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Class proceeds with a Kahoot based on the flipped content, but designed to dig deeper, answer any questions, and continually focus on an EQ or target.  I enjoy using the Team Kahoot function for this, letting students discuss the content and learn from each other.  It’s always fun to have them develop content based nicknames for their teams.  I also try to get the students moving by rearranging their seats after every four questions, putting them in rank order (thanks to Jason Bretzmann for that pearl).

In between Kahoot questions, I probe for opinions, dig deeper into the content, utilize various tabs on the SmartBoard to share cool content and relevant links to today, categorize information, and use response systems like Plickers for a quick formative assessment.  As we progress, students can add to their notes, ask questions out loud or in another form (back channel chat, online board …), and make observations about the content, all relating to the focus of the content.  A 10-15 question Kahoot can form the structure for an entire class, with students focusing on the content similar to a traditional lecture, but engaging, discussing, interacting, categorizing, reflecting, and moving – and having a ton more fun while doing so.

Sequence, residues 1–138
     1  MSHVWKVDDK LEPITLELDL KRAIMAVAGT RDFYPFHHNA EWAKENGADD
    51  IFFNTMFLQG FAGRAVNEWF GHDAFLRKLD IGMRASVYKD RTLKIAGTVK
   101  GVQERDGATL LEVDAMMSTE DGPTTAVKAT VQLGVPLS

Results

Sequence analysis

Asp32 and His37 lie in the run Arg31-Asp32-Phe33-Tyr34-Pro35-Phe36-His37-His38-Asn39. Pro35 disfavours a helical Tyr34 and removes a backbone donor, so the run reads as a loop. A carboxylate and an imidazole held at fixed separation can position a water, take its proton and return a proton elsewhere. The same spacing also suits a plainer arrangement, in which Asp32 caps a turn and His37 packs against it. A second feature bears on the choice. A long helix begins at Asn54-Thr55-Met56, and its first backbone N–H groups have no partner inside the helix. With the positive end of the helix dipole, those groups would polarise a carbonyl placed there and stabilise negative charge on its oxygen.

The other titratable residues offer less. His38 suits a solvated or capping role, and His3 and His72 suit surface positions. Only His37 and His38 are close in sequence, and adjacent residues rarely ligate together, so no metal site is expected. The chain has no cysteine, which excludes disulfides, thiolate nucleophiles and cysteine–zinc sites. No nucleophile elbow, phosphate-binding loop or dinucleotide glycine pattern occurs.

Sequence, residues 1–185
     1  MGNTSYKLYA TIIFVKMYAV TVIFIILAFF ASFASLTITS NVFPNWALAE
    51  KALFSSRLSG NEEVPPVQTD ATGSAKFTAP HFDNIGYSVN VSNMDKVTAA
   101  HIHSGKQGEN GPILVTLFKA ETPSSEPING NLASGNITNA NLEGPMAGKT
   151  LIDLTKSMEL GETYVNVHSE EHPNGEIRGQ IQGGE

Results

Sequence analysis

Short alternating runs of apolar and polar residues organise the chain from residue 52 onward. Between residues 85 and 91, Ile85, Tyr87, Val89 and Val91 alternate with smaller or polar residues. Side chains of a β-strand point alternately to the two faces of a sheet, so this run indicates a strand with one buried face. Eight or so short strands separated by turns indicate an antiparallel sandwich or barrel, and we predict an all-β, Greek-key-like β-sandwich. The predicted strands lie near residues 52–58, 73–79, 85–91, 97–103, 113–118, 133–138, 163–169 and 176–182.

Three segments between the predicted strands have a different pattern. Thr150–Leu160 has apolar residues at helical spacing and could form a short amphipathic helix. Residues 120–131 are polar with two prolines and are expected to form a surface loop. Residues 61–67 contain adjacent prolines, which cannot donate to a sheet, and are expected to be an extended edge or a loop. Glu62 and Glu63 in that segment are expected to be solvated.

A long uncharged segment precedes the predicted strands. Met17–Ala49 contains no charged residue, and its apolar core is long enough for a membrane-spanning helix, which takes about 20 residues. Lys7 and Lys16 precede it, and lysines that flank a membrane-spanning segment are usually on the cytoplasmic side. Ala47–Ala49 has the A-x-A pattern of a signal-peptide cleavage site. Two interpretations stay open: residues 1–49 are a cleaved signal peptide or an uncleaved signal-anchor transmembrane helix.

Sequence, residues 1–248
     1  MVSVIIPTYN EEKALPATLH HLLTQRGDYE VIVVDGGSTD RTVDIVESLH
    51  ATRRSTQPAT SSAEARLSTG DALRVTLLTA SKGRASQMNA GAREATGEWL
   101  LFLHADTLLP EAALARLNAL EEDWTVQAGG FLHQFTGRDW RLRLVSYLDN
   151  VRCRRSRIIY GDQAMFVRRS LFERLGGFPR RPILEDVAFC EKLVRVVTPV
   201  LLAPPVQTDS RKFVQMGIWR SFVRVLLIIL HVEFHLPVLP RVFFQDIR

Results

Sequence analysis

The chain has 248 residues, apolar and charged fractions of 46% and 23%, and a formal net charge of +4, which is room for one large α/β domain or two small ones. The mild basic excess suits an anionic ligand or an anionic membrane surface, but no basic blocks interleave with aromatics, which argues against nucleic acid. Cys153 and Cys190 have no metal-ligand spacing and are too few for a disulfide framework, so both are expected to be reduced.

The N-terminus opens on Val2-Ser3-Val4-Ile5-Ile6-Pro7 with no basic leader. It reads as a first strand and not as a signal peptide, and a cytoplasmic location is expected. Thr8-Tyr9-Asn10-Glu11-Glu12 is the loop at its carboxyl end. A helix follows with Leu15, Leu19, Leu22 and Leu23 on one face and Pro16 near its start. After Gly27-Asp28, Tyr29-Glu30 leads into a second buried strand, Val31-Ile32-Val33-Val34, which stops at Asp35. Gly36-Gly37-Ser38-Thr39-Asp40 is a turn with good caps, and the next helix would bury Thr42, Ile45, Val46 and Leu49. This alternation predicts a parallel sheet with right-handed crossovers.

How do I assess their understanding? You name it! Assessment could be an exit ticket, an PollEverywhere post, a response on a Google form, even an email from their parents stating they discussed the question at dinner – or a student choice! My goals are for my students to be engaged with the content, think about an essential question, and hit a learning target – and Kahoot has been a great platform (in doses) to accomplish these.

I’m sure you use Kahoot in other awesome ways – please share yours! Tweet them on the Twitter thang, and add @chucktaft to your post.  Much obliged … and keep Kahooting!